Home > North meets South > Inuit Recollections on the Military Presence in Iqaluit > The African-American soldiers

The melting of the sea ice near Broughton Island.

Caribou in the Koroc River Valley, Torngat Mountains.

The African-American soldiers

Martha Michael

"We were given the news by the RCMP. We were young girls at that time. We heard that black people would be coming here to build the airstrip. The Inuit who were living in Iqaluit at that time were relocated to an island called Ukaliqtulik; all of the Inuit were moved there."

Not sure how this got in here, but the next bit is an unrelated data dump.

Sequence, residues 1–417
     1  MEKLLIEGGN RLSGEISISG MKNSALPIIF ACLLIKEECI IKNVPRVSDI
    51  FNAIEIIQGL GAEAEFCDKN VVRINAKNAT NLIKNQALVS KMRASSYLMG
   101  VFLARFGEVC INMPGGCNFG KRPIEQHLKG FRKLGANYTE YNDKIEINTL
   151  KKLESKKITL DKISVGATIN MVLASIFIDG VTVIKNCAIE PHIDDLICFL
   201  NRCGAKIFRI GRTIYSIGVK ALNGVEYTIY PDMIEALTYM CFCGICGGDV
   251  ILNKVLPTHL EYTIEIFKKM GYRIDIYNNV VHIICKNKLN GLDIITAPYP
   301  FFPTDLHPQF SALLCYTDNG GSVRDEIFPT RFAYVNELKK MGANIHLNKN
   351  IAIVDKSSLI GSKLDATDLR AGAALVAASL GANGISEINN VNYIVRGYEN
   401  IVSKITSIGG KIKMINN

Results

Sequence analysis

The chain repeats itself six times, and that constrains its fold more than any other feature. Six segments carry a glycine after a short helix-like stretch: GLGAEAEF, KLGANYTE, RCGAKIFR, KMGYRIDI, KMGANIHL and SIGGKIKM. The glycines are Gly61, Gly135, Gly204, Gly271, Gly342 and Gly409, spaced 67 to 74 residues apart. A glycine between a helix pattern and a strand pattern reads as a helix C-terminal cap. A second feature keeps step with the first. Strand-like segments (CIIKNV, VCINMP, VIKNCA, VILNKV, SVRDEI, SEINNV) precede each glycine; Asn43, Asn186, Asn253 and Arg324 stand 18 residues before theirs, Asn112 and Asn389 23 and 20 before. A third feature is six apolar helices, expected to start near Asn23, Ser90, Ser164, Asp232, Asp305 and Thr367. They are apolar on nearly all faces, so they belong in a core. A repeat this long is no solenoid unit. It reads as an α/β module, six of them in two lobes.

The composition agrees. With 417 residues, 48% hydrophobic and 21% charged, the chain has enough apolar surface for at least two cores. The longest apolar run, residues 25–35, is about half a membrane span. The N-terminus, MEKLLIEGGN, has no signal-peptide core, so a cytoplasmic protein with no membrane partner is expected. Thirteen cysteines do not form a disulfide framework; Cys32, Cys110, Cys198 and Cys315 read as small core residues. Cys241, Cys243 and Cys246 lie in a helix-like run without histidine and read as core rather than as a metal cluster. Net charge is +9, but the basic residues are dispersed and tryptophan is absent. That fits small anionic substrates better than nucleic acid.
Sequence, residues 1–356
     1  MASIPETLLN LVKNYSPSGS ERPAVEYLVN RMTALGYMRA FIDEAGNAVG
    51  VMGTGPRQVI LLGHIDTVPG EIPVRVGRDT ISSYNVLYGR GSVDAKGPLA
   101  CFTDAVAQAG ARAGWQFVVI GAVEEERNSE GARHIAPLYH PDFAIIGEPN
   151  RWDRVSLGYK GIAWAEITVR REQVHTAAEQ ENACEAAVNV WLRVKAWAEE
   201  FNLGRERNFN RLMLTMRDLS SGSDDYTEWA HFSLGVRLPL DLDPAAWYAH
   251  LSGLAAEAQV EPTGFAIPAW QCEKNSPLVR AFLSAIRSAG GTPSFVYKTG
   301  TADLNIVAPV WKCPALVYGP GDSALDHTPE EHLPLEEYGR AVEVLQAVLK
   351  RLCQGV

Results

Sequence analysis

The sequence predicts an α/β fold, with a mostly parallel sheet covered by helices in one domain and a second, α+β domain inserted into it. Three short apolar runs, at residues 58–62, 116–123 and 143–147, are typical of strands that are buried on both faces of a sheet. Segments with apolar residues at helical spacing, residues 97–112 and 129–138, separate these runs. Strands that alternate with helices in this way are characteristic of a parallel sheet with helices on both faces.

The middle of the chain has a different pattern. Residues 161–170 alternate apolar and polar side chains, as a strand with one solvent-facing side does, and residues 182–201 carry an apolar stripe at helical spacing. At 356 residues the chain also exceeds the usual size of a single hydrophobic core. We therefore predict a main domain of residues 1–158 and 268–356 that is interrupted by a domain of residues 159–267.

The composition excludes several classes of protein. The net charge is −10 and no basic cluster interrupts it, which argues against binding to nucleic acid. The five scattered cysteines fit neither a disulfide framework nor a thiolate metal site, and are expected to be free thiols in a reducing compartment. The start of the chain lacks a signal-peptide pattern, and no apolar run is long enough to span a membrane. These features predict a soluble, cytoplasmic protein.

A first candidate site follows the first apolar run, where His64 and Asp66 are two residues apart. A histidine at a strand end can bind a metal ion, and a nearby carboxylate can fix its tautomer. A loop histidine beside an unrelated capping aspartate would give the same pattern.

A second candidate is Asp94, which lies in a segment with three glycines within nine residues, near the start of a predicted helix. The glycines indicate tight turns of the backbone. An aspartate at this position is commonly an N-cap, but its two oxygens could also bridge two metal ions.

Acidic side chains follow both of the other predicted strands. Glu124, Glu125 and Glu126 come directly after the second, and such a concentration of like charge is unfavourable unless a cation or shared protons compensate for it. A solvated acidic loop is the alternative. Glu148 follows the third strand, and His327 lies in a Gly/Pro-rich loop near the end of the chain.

In Chapter Nine, the elders talk about the arrival of Afro-American soldiers, which made the authorities move the Inuit camp to an island and forbid contact between the two groups. The elders give several reasons for this. According to Elijah Pudlu, the RCMP officers asked the Inuit to move to Ukaliqtulik for the summer, saying that the black soldiers would chase the Inuit women. Kanaju Ipeelie says it was for health reasons; Simonie Michael says that the RCMP thought the black soldiers and the qallunaat would bother the Inuit and adds that in those days the Inuit obeyed the RCMP. Josie Itiitiq says that people may have moved because they were afraid, but she adds that the black soldiers were harmless. Some elders tell that the men who were employed by the Americans went to work by qajaq, and Kanaju Ipeelie says that the soldiers came to get the men who worked on the base. Simonie Michael says there were not many Inuit in Iqaluit in those days. Akisu Joamie tells us that after their stay on the island, the Inuit left for their winter camps. But those whose camps were too far away were not able to get there and had to spend the winter on the trail, because winter had come early. Martha Tikivik tells us that women rarely went to town in those days because they did not work. She adds that she could not approach the Americans because there were only men. Saami Qaumagiaq talks about his family, which was spread out all over the place. His grandfather did not like to live where the qallunaat were, because he preferred to live where there was game. Martha Michael tells us that during that summer, not a single Inuk stayed in Iqaluit. The RCMP had told them that the black soldiers were undisciplined and that the women should be afraid of them. The women were not allowed to go to Iqaluit. According to Martha, this was when the Inuit started to lose their freedom. She tells us about an incident that shook up the community and she blames the accident on the move to the island. Simonie Michael, Saami Qaumagiaq and Bill MacKenzie talk about Lionel Jones, a former Canadian soldier who had come to work on the DEW (Distant Early Warning) network and the Mid-Canada Line, and who ended up staying in Iqaluit.